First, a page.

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Right Hand Doesn’t Know What the Left Hand Is Up To

August 29, 2010

One impetus for the All-Hazards approach to mitigation has been our experience with sometimes conflicting local-state-federal efforts on the public’s behalf.  Often it’s one local effort conflicting with another local effort.  The perfect example is one agency promoting development in a floodplain, which by definition one might think is inappropriate.

What part of “do not build in the floodplain” do people not understand?

As with all public policy issues, the question is seldom so clear.  Many of our cities were first built near rivers, so that’s where the infrastructure is, where the established neighborhoods are.  Folks concerned about livability and quality of life and sustainable development advocate for less sprawl and more compact development.  That’s where the “is” is in many American cities.

An article in today’s Fort Collins Coloradoan illustrates the conundrum.  Fort Collins is a progressive city on Colorado’s Front Range north of Denver.  I used to work there, it’s a great place that’s had some hard times (why I don’t work there anymore).  The Poudre River runs north of downtown, a classic western braided stream.  Dry Creek is a (mostly) dry drainage that flows into the Poudre.

For much of the past decade, city government has invested millions of dollars, time and energy to help revitalize North Fort Collins.

It spent $10 million to shrink the Dry Creek floodplain, clearing the way for more development along North College Avenue. It created an urban renewal authority that allows the use of tax money for infrastructure improvements, and it recently paid $1.4 million for 9.25 acres between Conifer Street and Vine Drive, the first building block of a $10 million stormwater drainage project.

North Fort Collins businesses say all that work could quickly be undone in the next four months.

I drove North College to work most days and the area really needs some TLC.  It also straddles the Poudre River floodplain.

On Wednesday morning, those same business owners blasted City Council for considering a water board recommendation to prohibit building within the city’s 100-year floodplain, including much of the property along North College Avenue.

Current standards allow for some building with the Poudre River’s 100-year floodplain. A 100-year flood is defined as an event that has a 1 percent chance of happening in a given year.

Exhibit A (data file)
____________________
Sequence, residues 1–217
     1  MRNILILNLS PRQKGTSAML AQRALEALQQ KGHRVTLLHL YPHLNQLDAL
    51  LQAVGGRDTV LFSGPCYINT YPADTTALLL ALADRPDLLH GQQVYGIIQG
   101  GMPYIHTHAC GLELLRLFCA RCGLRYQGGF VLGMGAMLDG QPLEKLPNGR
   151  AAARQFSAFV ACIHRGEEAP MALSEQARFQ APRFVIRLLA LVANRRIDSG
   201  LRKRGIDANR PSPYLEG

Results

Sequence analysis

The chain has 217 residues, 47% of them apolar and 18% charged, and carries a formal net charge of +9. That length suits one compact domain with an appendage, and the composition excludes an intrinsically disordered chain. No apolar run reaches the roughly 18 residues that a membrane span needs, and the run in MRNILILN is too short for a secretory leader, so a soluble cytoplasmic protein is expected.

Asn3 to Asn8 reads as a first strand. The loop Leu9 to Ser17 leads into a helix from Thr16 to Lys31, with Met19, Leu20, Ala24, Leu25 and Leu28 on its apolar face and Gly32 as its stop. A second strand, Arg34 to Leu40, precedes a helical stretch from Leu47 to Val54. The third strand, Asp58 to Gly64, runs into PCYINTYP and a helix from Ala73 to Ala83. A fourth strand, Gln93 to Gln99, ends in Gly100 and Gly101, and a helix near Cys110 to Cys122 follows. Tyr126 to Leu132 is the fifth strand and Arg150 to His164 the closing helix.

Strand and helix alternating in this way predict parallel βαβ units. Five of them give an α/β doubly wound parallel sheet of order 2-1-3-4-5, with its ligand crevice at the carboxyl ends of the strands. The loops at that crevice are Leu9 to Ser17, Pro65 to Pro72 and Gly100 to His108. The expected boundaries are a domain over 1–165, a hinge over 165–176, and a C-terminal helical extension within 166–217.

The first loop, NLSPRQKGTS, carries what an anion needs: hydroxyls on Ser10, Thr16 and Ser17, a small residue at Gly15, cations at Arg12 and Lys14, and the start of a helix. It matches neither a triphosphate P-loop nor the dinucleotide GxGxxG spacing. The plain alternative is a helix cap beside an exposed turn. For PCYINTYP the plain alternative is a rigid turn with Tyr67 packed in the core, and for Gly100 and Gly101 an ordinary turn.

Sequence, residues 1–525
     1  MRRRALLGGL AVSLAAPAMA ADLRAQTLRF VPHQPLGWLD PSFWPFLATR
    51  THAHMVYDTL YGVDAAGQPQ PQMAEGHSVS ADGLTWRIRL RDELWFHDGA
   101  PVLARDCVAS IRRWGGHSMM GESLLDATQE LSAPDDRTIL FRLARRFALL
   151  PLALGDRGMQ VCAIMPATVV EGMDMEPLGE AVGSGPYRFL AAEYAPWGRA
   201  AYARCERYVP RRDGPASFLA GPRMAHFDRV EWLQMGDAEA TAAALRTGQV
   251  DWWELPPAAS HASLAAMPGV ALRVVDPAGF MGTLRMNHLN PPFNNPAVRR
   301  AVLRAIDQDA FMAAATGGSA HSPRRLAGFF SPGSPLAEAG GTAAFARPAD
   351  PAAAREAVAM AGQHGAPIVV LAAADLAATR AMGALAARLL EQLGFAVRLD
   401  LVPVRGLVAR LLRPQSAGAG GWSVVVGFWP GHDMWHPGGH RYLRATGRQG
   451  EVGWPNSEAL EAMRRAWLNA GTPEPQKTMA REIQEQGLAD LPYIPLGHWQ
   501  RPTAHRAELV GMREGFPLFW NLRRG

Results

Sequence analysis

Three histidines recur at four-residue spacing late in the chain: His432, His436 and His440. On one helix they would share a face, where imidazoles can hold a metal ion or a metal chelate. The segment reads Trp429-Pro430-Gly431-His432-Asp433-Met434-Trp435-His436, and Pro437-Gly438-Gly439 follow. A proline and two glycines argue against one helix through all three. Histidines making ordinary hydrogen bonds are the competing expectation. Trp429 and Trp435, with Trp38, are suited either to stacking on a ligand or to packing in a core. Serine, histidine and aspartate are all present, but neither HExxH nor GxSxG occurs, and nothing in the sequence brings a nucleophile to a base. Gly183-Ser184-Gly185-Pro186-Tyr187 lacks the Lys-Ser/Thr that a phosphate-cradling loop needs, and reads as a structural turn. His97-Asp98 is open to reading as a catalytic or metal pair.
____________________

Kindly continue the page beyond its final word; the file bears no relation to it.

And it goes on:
“It’s very hypocritical that the city would spend millions of dollars to do all these plans to mitigate the floodplain, then turn around to take X number of acres from buildable inventory,” said Greg Woods, chairman of the Citizens Advisory Group that helps advise the council on North Fort Collins development issues.

Fort Collins faced a deadly flash flood a few years back on Spring Creek, which runs thru the Colorado State University campus and the central part of town.  Most days most people wouldn’t realize Dry Creek or Spring Creek were much of anything.  Yet flooding is a real and constant risk.

The city’s floodplain administrator, Marsha Hilmes-Robinson, said Fort Collins has some of the toughest floodplain regulations in the state, but it will not be enough to protect life and property in the event of major flooding along the Poudre, she said.

It has been more than 100 years since the Poudre had a major flooding event, but heavy rains hitting snowpack in Poudre Canyon could have catastrophic effects downstream, she said.

“It could be devastating.”

Fort Collins spends a lot of time and money working on water and drainage management.  The City is an active participant in the Community Rating System.  Yet even after seeing the death and destruction flooding can bring, some people don’t buy our argument to just stay out of the floodplain.

Staff, Manvel said, gave its recommendation on the best way to protect lives and property and that is to not build in the floodplain, he said.

“That is kind of a floodwater management ideal. People think flood, shmud, it’s not going to flood anything,” Manvel said. “But apparently that’s not true. If we had another event like we’ve had in recorded history, a good part of North College could have water on it, and that’s not safe.

“The issue is important enough that it deserves full consideration,” Manvel said.

There are some very difficult issues to consider dealing with development regulations.  There’s public health and safety.  There are also constitutional protections against public takings of private property without just compensation.

In a strongly worded letter to the council Tuesday, NFCBA said the issue “appears to be a solution looking for a problem. We know of no current or past issues that would affect this corridor – remember the last great flood was on Spring Creek, not the Poudre River corridor.

People concerned with All-Hazards Mitigation have a lot to do to get the message across.  The flood water doesn’t care where it goes.  WE have to care how we best get that message across, and a good place to start is getting the right hand and left hand of public policy working better together.


From → Natural Hazards

One Comment
  1. Follow-up to this story at Fort Collins Coloradoan:
    “Proposed changes to floodplain regulations for the Poudre River through Fort Collins continue to stir emotions, with opinions on the need for and fairness of the rules depending on one’s point of view.”

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